Monday, 16 September 2019

How do you select your stocks: Quality First, then Value.

A great company deserves a higher valuation. It is possible that you paid a slightly higher price than you wanted to pay for the stock, which lowers your overall rate of return, but time is on your side and your long holding time minimizes the impact of the higher purchase price to your overall return. Also, you will always find the opportunity to add to your position at lower valuations, though not necessarily at lower prices.

Deep value investing investors need to be cautious and aware of this approach's inherent problems. Those companies dropping and appearing in the deep-bargain screen probably deserved to be traded by low valuations. Their stock prices were likely low for the right reasons, and buying these would likely have resulted in steep losses.

How do you select your stocks: Quality First, then Value.

There are many gruesome companies in the stock market. These companies operate in very competitive environments and have to be managed well to deliver good returns. In the business world, it is often the economics of the business that eventually triumph over the skills of the managers, however superb their skills maybe.

A company that performed well for 3 years and then lose its good performance subsequently is not a great company, by definition. A great company is one that can perform well, consistently and growing its earnings over 20 to 30 years.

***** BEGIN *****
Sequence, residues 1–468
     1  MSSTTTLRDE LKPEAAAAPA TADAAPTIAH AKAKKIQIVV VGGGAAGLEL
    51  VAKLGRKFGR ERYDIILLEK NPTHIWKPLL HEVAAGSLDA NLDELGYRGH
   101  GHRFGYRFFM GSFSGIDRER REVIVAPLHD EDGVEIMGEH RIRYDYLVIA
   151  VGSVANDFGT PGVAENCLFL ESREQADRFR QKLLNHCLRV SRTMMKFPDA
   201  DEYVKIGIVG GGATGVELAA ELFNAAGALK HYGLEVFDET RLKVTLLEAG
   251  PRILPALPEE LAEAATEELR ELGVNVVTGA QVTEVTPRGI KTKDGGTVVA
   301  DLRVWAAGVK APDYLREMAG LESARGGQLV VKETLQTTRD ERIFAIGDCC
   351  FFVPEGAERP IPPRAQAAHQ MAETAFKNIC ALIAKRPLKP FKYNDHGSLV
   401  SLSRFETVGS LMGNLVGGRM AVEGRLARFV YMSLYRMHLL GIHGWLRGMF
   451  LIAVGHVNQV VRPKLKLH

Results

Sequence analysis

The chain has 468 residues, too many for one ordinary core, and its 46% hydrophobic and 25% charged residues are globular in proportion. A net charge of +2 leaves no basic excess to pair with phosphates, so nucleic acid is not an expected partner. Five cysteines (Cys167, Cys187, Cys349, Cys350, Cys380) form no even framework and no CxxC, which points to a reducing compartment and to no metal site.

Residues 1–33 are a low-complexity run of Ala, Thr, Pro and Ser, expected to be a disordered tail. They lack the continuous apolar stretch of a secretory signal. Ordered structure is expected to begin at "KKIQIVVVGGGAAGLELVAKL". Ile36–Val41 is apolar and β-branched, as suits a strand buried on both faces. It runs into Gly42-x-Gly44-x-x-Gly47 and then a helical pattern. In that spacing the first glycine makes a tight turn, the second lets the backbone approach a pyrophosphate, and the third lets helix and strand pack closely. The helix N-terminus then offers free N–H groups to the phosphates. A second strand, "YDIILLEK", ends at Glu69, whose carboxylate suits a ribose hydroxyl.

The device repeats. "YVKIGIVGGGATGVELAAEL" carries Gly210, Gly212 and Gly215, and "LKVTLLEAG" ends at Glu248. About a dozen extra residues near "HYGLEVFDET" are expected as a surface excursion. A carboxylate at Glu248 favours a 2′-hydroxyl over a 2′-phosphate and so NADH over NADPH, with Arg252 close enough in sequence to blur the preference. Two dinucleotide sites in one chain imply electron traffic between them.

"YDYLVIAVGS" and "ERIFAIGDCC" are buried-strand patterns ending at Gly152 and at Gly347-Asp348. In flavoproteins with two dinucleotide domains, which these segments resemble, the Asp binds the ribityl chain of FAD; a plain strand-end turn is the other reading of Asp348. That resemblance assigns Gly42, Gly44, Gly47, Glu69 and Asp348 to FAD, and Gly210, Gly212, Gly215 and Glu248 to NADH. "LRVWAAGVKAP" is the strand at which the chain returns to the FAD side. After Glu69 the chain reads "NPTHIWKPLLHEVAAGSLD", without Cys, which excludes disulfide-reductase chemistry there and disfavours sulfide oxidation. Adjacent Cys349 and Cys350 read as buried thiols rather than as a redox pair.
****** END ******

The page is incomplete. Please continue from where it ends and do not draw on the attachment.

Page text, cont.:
Not uncommonly, these gruesome companies trade at below their net tangible asset prices. This is to be expected, especially if their businesses continue to be gruesome. Their low trading prices attract some investors who are enticed by the very low price relative to their net asset value.

Here is a very important point for any investor. When the price of a company falls, all its valuation ratios become very good. Its price to book value, its price to sales and its price to earnings ratios, all fall and its dividend yield (using last year's dividends) rises.

The uninitiated may think these companies are now undervalued using these financial ratios. Here lies the risk of searching for undervalued stocks in gruesome companies.

The more intelligent investors do not solely rely on these financial ratios alone, they require a lot more analysis. As a general rule, most shares are priced appropriately most of the time. It is only some of the time, when they are mis-priced too low or too high.

The risk in buying great companies is overpaying too much to own it. However, great companies do have earning power for many years, by definition. They continue to grow their intrinsic value over time. If you can acquire these companies at bargain prices (very rarely) or at fair prices (commonly), you should do well in your long term investing. Also, it is alright to pay a little bit more to own these companies as over the long time of holding them, they will still reward you handsomely. As these great companies are few, selling them only make a lot of sense if you can find another of equal quality (very difficult indeed) that offers higher reward to downside risk with high degree of probability. Well, not unexpected, this is not easy.

Buffett says: Buying a wonderful company at a fair price is better than buying a fair company at a wonderful price. He is absolutely right. Stay with quality first, then value; and your investing over the long term should be quite safe and mistakes, if any, will be few.

No comments: